At the main entrance of last weekend's country music festival, Darla Christensen was checking concertgoers' bags and boots for alcohol and contraband and was inspecting wristbands. In the crowd, her co-workers were dealing with drunken fights, fence-jumpers and patrons who wanted to go backstage.
Then the gunfire broke out.
Christensen grabbed other guards and patrons and pushed them toward a side gate. She and co-workers at the private security firm Contemporary Services Corporation lifted people over barriers and hid them behind pillars and under the stage. One of its guards was among the 58 people who died.
The 200 yellow-clad security guards who staffed the Route 91 Harvest festival played a large role in responding to the massacre — and many are returning to work security this weekend.
Christensen put on her uniform Friday to work a UFC weigh-in, her first event since the shooting. She took a backroom role where she wouldn't have to interact with the public.
"Even just going, even just getting dressed, was hard," she said. "It was really tough."
Las Vegas is home to a large workforce of security guards because it hosts so many events: concerts, title fights, conventions and even a lantern festival that survivors of the shooting are staffing this weekend.
Jay Purves, the vice president of CSC's Las Vegas branch, said private security guards — "the yellow shirts," as he calls them — are not always taken seriously because they aren't law enforcement.
"We're the ones often in the background, in the shadows, but we were actually the ones right there in the thick of it all," he said.
The staff was already unsettled before the shooting because a drunken attendee had punched one of their guards in the face Saturday, putting the guard in the hospital.
Supervisor Cheryl Metzler was working Sunday in a command center that resembles a shipping container, watching the concert on seven large surveillance monitors, when someone called to ask if there were supposed to be pyrotechnics at the show.
As people began to flee, the guards fanned out across the venue, coaxing shell-shocked concertgoers too frightened to move to head to a safer spot.
Early in the chaos, Purves got a call on his radio: "Erick's been hit," referring to 21-year-old employee Erick Silva.
Silva, assigned to the front of the stage, was shot in the head while helping people climb over a barricade.
Purves started running to him. On the way, he got another call on the radio. A second guard, Jeff Bachman, was shot in the leg.
As the gunfire continued, Purves and the other guards flipped over a bike rack and used it as a gurney for Silva, who was gasping for air. They carried him out to emergency responders before running back in to continue the evacuation of 22,000 people. Silva died Tuesday.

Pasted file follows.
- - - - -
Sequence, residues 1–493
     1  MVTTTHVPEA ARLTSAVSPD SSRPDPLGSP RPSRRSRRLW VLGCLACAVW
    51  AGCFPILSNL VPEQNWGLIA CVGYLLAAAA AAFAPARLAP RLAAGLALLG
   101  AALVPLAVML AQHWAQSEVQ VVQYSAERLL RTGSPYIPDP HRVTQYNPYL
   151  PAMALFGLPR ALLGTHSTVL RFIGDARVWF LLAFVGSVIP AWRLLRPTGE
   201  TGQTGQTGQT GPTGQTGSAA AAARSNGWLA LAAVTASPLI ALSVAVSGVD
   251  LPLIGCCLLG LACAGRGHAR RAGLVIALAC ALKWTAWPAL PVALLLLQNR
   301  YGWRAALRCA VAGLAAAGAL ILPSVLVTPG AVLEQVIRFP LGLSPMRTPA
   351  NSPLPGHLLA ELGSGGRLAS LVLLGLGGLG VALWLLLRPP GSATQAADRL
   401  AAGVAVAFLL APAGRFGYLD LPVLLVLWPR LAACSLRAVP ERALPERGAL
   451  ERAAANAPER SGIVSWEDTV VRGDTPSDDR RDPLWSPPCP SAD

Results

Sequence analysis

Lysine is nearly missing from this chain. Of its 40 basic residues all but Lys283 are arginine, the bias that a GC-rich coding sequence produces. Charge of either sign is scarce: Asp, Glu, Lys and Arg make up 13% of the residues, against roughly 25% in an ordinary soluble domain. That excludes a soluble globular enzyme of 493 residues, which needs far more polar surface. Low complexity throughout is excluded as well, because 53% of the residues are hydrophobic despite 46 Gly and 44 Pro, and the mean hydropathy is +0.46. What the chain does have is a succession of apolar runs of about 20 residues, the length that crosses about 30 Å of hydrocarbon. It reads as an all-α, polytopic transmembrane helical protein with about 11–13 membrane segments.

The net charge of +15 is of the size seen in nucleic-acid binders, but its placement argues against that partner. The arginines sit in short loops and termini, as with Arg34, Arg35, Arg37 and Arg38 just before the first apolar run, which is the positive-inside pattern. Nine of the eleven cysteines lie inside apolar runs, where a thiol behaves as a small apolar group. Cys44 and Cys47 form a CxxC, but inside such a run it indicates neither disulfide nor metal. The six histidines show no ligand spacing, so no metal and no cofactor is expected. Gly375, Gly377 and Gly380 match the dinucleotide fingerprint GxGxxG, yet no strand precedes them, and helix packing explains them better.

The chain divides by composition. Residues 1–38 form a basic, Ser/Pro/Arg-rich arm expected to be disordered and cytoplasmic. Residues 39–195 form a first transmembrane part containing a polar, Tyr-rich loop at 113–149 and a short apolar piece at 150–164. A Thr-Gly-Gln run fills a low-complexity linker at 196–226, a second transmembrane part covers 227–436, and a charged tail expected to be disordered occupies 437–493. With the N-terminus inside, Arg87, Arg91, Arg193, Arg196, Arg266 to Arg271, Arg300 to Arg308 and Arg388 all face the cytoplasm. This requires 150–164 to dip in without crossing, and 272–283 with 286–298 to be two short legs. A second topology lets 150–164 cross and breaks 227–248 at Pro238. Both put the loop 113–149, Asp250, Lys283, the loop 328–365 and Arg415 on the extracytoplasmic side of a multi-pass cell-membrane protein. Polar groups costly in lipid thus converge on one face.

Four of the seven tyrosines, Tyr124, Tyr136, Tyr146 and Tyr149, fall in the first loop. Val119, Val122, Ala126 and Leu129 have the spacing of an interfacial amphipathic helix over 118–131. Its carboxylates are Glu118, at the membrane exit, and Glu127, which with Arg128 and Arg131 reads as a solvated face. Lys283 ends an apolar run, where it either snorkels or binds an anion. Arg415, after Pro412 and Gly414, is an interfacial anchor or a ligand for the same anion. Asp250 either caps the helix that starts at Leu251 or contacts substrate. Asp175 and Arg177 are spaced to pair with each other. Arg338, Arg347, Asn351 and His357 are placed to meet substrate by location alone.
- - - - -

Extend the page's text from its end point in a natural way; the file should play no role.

"It was complete carnage and chaos," Purves said.
Metzler and others were trapped inside the command post, watching the surveillance screens in horror as more shots rang out, including one that injured a third guard. Daniel Rascon was shot in the arm while trying to get people in wheelchairs off a ramp.
"What I had seen on those TVs — no one should ever see in their life. But I wish everybody could have seen what I'd seen with our people," she said. "Our people, they didn't run."
As Christensen helped pull people to exits and stopped traffic to allow people to flee, she thought of her two sons, who were also working as guards at the event.
She heard calls coming in on her radio: "Multiple bodies down, stage left. Multiple bodies down, stage right. Multiple bodies down in the field."
Her voice broke as she recounted the moment her 20-year-old son, Ryan, ran up and hugged her.
"I was just so relieved that at least one of my children had survived this," she said.
She was later reunited with her other son, who also escaped the gunfire.
Purves credits police, firefighters and other first responders with helping save lives Sunday. But the private security guards, "they're the forgotten ones," he said.
"These are working men and women who make 10, 11, 12 bucks an hour, who are in the thick of everything and have to deal with intoxication, evictions, fake tickets, complaints that the beer is too hot and the hot dogs too cold," Purves said. "The yellow shirts are the ones people go to for help."
Law enforcement officials hailed Jesus Campos, an unarmed security guard at the Mandalay Bay hotel casino, as an "absolute hero" for alerting officers to the gunman's location despite having been shot in the leg.
The company is offering counseling to its employees and helping Silva's family with his funeral. Some guards are taking a break to deal with the trauma.
But others, like Metzler, wanted to be back on the job. She considers her co-workers family.
"I want to be with my people to talk about it. If I'm just sitting home, I'm watching the TV and I don't turn it off," she said. "So this is the best therapy and the biggest reason I wanted to come back."
Watson reported from San Diego.